(update below)

Rupert Murdoch’s News International, a subsidiary of News Corp, is at the center of political and media scrutiny in the United Kingdom, as details surface on a scandal involving a tabloid newspaper he owns, News of the World. The scandal involves allegations that the newspaper illegally hacked into the voicemail of phones owned by celebrities, politicians, royal aides, sport stars and victims of crimes.  And, to tamp down the growing controversy, today Murdoch announced the News of the World newspaper will be shut down.

Details on the phone hacking scandal have been largely absent from US news. For months, an unfolding story centered on tabloids hacking into phones has been taking shape in the UK. But, just recently, The Guardian reported News of the World targeted “missing schoolgirl Milly Dowler and her family in March 2002, interfering with police inquiries into her disappearance.” This revelation indicates not only were typical targets of any tabloid newspaper hacked but so too were members of the public.

James Murdoch, News International’s company chairman and son of Rupert Murdoch, who has been implicated in the scandal and accused of authorizing his company to pay money to silence individuals who had been hacked to cover up his company’s illegal behavior, stated, “The good things the News of the World does have been sullied by behavior that was wrong.” And, “If recent allegations are true, it was inhuman and has no place in our company.”

Rebekah Brooks, editor of News of the World, is alleged to be at the center of the hacking scandal as well, but she has refused to resign from her job as a chief executive of News International. Rupert Murdoch has come to her defense saying she will not be stepping down.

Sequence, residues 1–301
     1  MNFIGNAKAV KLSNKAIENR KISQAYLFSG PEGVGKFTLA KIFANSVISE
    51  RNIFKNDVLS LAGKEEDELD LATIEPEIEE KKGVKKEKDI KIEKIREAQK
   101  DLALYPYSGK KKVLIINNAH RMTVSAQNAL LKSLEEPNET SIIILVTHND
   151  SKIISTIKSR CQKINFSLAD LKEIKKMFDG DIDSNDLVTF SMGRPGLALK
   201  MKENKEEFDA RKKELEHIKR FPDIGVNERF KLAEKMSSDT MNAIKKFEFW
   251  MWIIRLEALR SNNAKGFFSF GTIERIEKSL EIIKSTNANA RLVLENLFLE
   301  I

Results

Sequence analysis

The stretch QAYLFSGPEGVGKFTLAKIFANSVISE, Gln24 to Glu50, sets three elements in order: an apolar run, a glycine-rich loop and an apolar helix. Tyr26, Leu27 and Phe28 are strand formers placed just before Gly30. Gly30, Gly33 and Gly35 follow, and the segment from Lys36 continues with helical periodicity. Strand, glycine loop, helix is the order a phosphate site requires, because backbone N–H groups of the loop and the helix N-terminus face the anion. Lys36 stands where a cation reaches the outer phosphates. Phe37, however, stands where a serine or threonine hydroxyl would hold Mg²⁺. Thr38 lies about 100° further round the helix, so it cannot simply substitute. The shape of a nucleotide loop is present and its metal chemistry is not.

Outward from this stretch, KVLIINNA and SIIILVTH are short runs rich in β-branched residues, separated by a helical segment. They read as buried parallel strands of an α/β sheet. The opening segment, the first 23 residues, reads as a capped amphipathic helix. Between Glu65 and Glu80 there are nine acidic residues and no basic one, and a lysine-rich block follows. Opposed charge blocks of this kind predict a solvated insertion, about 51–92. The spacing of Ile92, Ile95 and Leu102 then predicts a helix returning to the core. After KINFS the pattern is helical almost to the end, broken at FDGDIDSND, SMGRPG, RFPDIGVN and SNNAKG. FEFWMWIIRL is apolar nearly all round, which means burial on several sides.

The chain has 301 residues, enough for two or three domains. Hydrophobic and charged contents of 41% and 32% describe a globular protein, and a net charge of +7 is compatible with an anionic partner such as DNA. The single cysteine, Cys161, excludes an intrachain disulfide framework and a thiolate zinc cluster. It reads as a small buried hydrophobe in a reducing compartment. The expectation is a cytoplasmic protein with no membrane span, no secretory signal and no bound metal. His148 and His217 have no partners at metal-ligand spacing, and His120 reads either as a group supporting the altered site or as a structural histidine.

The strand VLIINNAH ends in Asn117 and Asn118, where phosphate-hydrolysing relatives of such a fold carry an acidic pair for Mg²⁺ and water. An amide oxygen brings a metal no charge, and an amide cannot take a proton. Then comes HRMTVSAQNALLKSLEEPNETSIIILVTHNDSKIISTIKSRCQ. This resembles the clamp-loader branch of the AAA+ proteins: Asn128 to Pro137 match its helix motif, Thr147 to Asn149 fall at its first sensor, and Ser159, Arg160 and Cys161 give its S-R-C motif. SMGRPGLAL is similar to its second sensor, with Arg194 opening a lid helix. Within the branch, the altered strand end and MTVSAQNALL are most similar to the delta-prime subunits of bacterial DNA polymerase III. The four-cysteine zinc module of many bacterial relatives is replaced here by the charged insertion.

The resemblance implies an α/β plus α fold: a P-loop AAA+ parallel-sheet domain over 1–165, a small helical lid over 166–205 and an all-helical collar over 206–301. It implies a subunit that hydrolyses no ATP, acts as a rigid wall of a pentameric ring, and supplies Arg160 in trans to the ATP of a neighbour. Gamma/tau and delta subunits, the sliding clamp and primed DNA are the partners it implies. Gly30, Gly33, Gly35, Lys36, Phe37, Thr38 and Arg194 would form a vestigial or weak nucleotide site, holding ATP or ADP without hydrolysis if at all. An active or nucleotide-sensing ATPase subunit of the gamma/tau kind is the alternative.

According to BBC News, News of the World royal editor Clive Goodman and private investigator Glenn Mulcaire have been jailed for hacking. The Guardian’s live blog on the scandal reports Andy Coulson, former News of the World editor, will be arrested tomorrow morning.

“Actor Hugh Grant, publicist Max Clifford, actresses Sienna Miller and Gwyneth Paltrow, former MP George Galloway, Lord Prescott, London Mayor Boris Johnson, football pundit Andy Gray and ex-footballer Paul Gascoigne,” are all believed to have been victims of hacking. And, quite disturbingly, the murdered teenager Dowler and parents of murdered Soham schoolgirls Holly Wells and Jessica Chapman were targeted along with relatives of dead UK soldiers.

The Global Post reports Scotland Yard has been contacting families of the victims of the London Bombings, which happened on July 7 in 2005. The Post notes, “While relatives were waiting for information as to whether their loved ones were still alive, hackers were able to access voicemail information to use in news stories, according to reports.”

How is this possible? As BBC News explains, “Mobile phones used to come with a default four-digit Pin such as 1234, 0000 or 3333. Customers were expected to change their Pin, but very few did.” News of the World dialed the number and, when the caller didn’t answer, tabloid journalists or private investigators would enter the default Pin to get to the person’s voicemails.

Phone hacking is against the law. At issue here is the relationship between government, the police, and media in the UK.